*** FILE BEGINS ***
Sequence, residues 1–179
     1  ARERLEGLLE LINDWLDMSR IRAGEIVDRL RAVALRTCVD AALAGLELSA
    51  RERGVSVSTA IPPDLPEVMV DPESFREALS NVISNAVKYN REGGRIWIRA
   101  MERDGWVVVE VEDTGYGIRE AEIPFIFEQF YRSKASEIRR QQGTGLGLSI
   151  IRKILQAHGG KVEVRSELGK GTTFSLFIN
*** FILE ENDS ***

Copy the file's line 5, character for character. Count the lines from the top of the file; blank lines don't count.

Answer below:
   151  IRKILQAHGG KVEVRSELGK GTTFSLFIN